Shopping with a hint of nostalgia

 

Shopping in Lisbon can turn out a truly amazing experience which will make you go back in time and feel as if you were visiting a museum. As Portugal remained neutral during the World War 2, Lisbon avoided the sad fate of many other European cities and managed to preserve the beautiful architecture of the pre-war era with ornate Art Nouveau and classy Art Deco facades. Since Lisboners seem to value tradition and know that “an oldie can be a goodie” and as rents in the old town and downtown tend to be relatively low, the city is studded with beautiful, family-owned shops and businesses handed down from parent to offspring since as early as the beginning of the 20th or even the 19th century. Set your foot in one of those charming premises and you’ll be transported to an enchanted world with antique furniture, vintage shop equipment and a polite shop assistant or owner wearing smart clothes, tie or even a bow-tie, who undoubtedly knows how to treat his customers with due, old-fashioned respect. In those little temples of traditional commerce, you’ll find good quality, often custom-made Portuguese products, be they hats, umbrellas, ties or gloves.

 

Such is the surrealistically adorable Luvaria Ulisses - quite possibly the tiniest shop in the world - with space reserved for only one customer at a time, quite possibly to provide that customer with the best possible service. The last shop in Portugal dedicated exclusively to the sale of leather gloves has been run, since 1925, by the same family, whose subsequent generations have proudly preserved intact the manufacturing process consisting in sewing custom-made gloves for ladies and gentlemen out of the highest quality leather searched for in the whole world. What has also remained unchanged is the Art Deco façade and interior of the premises, located at Rua do Carmo 87-A, which dates back from the time when the founder of Luvaria Ulisses, who was a city council member, applied for a permission to arrange a shop in this then neglected area of the Chiado district, which is nowadays the shopping heart of the city. The customer service also seems to follow the “if something is good, why should we change it?” pattern. All you have to do is to rest you elbow on a cushion. The owner – Mr Carlos Carvalho - will take your measurements to commission a hand-made gloves for you or, if you like some of the showcased models – will put some talc on your palm to make it easier for you to try on a pair of gloves whose size he will assess perfectly with his practiced eye. In the meantime, he will gladly tell you about the beautiful gloves which fit like a second skin. While maintaining its classic design and quality, they have been added some modern elements – like fashionable cork finishes – over the times. Once you leave the Luvaria, don’t forget to take a look at the beautiful, elaborate façade and shop window of Joalharia do Carmo - one of the best and oldest jewellery shops in Lisbon.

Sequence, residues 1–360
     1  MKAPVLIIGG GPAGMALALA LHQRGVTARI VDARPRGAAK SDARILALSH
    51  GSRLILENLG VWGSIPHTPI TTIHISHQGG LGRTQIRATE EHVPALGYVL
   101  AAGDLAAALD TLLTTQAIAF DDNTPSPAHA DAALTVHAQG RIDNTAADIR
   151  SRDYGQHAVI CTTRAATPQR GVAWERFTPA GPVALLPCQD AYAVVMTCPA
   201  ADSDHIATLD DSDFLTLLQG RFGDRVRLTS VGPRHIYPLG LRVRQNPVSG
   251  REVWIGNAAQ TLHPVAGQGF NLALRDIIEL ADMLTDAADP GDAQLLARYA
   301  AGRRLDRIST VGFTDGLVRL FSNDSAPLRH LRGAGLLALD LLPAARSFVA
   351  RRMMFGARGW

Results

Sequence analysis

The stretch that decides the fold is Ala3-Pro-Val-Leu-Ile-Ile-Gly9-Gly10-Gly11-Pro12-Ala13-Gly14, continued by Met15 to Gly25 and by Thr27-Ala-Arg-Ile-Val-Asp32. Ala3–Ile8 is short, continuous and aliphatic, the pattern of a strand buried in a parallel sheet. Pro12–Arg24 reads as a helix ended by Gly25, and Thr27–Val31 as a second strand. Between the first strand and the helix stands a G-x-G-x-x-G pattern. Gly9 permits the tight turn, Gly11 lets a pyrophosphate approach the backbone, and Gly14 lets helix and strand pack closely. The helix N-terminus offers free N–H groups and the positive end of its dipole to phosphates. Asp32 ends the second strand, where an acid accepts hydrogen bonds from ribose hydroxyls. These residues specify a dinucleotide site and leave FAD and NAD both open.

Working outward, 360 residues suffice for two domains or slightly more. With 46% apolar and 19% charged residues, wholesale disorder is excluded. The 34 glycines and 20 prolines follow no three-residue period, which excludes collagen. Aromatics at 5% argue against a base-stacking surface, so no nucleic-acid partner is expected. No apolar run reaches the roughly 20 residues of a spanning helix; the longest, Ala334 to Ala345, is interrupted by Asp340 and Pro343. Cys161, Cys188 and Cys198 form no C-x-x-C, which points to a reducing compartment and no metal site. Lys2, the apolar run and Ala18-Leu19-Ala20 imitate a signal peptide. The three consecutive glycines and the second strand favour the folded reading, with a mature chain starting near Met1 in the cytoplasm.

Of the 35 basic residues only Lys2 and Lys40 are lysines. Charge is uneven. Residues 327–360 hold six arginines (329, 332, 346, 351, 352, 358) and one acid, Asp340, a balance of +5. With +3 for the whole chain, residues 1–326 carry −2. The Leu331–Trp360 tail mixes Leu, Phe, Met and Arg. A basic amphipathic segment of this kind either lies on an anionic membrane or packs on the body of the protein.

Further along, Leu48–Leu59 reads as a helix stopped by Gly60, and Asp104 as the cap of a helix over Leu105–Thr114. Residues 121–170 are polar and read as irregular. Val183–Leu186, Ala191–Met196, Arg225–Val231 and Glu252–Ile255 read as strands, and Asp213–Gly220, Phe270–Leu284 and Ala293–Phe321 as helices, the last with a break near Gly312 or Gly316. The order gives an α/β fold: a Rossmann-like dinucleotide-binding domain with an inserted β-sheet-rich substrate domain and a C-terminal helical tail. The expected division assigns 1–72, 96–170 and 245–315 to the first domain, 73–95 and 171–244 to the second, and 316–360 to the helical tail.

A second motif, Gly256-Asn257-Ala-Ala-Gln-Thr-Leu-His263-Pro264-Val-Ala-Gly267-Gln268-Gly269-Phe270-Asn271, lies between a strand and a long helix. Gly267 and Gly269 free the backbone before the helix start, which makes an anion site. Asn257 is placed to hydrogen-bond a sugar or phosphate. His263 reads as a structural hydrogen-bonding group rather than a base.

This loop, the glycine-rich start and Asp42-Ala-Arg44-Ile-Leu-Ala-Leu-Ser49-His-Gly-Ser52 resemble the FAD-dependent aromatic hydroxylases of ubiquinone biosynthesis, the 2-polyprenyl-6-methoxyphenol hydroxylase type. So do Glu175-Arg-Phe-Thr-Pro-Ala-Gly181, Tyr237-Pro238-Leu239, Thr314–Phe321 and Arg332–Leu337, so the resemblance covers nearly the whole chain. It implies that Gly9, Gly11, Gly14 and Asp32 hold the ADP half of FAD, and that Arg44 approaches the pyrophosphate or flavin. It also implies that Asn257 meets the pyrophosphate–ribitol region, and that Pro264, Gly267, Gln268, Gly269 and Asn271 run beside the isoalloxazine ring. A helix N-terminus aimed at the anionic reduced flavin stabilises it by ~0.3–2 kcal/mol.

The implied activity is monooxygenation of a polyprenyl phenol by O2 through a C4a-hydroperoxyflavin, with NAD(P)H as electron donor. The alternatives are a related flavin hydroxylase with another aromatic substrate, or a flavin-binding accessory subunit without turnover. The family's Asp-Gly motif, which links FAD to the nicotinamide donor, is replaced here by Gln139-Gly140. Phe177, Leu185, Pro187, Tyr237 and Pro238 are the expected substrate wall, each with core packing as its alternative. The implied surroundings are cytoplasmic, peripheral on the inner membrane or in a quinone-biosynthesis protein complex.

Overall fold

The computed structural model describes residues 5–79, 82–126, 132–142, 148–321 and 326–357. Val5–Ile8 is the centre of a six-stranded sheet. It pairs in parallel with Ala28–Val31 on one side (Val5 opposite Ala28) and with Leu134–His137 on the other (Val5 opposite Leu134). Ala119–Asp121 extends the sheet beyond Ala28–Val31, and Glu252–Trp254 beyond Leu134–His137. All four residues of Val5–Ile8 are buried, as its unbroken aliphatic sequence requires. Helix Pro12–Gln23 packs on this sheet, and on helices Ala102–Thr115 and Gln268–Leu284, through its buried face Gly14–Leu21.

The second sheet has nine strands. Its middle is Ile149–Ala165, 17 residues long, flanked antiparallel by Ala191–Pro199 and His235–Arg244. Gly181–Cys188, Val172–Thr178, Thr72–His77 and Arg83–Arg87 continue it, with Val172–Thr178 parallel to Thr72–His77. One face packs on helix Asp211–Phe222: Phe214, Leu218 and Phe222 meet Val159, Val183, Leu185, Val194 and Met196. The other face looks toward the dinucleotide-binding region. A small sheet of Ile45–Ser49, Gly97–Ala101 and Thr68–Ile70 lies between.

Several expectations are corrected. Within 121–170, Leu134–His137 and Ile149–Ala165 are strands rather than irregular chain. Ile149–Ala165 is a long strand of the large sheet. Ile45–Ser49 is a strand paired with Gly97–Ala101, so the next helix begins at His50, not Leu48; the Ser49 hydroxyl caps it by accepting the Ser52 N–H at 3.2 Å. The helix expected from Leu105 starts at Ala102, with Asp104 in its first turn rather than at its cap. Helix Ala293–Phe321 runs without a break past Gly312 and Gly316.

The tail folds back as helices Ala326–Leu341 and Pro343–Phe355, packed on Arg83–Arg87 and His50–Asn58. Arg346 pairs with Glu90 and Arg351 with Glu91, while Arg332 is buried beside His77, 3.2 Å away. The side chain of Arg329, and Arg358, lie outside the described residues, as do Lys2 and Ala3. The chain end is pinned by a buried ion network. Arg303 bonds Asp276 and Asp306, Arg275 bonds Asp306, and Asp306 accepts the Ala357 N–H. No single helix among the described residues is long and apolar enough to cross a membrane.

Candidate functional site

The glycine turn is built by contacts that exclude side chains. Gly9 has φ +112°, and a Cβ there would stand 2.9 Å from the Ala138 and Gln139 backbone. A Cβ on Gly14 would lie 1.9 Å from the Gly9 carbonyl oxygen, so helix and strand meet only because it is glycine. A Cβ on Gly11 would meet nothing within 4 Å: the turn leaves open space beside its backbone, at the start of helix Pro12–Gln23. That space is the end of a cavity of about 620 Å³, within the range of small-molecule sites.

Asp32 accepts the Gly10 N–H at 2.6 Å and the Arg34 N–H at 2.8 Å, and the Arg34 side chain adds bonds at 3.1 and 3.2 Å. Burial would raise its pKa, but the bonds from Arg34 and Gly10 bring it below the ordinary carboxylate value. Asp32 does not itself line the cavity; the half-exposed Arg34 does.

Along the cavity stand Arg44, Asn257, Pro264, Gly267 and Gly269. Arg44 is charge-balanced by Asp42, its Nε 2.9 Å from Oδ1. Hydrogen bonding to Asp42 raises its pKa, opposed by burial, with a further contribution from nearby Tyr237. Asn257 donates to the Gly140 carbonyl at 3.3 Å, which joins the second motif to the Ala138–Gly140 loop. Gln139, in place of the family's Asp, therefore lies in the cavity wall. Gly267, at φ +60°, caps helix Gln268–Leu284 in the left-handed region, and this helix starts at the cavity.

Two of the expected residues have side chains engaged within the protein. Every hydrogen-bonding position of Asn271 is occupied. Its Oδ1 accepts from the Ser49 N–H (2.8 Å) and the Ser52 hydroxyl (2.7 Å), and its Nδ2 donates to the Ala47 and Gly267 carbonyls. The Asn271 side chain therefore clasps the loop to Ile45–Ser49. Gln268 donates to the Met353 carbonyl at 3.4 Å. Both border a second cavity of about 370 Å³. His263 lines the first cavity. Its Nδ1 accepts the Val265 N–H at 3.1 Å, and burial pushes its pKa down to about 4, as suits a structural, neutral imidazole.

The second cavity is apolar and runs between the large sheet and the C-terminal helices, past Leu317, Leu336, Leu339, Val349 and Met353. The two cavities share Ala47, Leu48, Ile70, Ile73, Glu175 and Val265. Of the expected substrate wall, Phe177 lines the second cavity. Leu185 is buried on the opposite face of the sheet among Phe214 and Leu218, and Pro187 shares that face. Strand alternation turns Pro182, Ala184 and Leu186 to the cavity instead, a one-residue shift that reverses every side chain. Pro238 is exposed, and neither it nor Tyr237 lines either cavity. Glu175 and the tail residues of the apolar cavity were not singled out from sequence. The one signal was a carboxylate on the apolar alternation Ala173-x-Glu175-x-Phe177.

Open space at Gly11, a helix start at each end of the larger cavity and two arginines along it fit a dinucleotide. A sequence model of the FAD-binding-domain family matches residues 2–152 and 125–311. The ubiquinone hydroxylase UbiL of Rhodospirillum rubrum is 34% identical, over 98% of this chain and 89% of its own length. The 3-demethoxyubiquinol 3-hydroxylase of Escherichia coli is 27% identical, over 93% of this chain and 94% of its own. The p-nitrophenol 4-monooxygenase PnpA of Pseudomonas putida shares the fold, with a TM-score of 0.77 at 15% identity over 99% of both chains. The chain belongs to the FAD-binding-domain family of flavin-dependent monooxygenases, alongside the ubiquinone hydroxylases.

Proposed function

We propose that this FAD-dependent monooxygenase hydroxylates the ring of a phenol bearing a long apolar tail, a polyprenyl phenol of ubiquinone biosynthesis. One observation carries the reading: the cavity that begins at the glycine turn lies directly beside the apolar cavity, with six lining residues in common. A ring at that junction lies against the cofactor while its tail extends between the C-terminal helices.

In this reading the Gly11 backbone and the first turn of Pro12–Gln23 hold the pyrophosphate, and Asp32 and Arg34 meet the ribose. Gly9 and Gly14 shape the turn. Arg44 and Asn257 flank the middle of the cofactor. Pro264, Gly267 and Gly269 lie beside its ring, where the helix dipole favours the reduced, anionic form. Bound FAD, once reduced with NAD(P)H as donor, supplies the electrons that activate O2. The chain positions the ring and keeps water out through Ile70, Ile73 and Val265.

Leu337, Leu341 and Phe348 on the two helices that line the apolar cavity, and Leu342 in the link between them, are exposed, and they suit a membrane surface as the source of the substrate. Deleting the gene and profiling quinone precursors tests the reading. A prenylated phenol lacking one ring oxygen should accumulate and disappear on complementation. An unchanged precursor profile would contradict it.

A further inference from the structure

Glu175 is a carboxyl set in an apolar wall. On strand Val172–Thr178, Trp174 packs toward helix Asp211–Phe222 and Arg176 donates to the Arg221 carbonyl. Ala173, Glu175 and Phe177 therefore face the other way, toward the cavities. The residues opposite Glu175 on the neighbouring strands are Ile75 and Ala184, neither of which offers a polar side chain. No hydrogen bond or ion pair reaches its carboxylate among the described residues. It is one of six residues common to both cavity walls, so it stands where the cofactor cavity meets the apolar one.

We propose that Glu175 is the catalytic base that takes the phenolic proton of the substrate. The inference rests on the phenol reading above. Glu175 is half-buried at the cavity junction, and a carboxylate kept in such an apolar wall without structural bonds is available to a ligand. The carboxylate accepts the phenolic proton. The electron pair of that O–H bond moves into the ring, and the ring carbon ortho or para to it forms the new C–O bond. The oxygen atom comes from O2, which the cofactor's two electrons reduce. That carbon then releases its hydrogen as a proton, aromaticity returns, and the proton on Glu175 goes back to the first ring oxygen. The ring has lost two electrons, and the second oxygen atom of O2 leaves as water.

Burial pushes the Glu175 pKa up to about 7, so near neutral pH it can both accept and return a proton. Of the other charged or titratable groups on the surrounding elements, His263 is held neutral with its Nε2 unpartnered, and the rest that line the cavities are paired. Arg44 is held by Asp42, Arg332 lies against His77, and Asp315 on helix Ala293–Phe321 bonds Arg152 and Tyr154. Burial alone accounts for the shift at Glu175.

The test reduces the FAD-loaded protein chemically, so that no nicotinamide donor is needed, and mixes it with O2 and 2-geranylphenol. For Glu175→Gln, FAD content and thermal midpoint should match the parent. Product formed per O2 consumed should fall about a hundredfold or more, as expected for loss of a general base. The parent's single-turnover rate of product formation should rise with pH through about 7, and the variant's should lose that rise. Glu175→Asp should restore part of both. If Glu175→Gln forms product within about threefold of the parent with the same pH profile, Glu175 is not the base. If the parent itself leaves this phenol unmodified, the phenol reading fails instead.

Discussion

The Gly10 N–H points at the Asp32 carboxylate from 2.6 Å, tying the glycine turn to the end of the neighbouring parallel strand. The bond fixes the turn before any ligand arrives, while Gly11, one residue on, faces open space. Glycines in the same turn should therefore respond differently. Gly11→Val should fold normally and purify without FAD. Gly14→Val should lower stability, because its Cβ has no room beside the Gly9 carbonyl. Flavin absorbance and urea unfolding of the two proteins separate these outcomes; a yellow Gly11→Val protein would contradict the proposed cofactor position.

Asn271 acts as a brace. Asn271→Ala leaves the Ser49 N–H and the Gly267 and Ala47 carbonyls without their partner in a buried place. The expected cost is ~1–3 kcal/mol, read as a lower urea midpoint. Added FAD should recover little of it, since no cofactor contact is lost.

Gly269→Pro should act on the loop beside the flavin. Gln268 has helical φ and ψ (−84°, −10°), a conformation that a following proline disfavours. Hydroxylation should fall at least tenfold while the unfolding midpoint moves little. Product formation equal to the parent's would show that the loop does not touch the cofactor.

If food shopping is what you like, visit Casa Pereira at 38, Rua Garrett– another family business with more than 80 years of history which will lure you with enticing aromas of biscuits, chocolates, teas and coffees exported from Portugal’s former colonies. The old, marble counter where delicious products are displayed and giant, vintage scales painted in bright pink are definitely worth taking a glimpse.

 

If you’re a bookworm, go further along Rua Garrett until you reach number 73-75 and you’ll be delighted to see that you’re in front of the Livraria Bertrand - the oldest bookstore in the world, as confirmed by the Guinness Book of World Records. It was founded by two Bertrand brothers as early as in 1732 and has a cozy, stylish interior with an arched ceiling and wood carved furniture.

 

If you’re with kids, don’t forget to drop in to one of the most peculiar and coolest toy stores in the world – Hospital de Bonecas at 7, Praça da Figueira. Hospital de Bonecas means a doll hospital in Portuguese and, indeed, this store and repair workshop is arranged like a true hospital, divided into specialized rooms like the plastic surgery one where the dolls’ faces are retouched or restored or the traumatology room where they get new legs, arms or heads. 

Any true shopping addict who walks through the city and watches all those beautiful shops from the early 20th century, inevitably starts being nostalgic and can’t help but regretting not having been born in those wonderful times when interior design standards were so incredibly high and shop owners had to make a real effort to attract a customer with aesthetically appealing premises. It’s enough to get a glimpse of the Leitaria A Camponesa at Rua das Sapateiros in Baixa which is nothing more than a dairy shop, but whose façade and internal walls covered with blue-and-white azulejo depictions of  milkmaids and farmers could find their way into the most luxurious contemporary restaurants…


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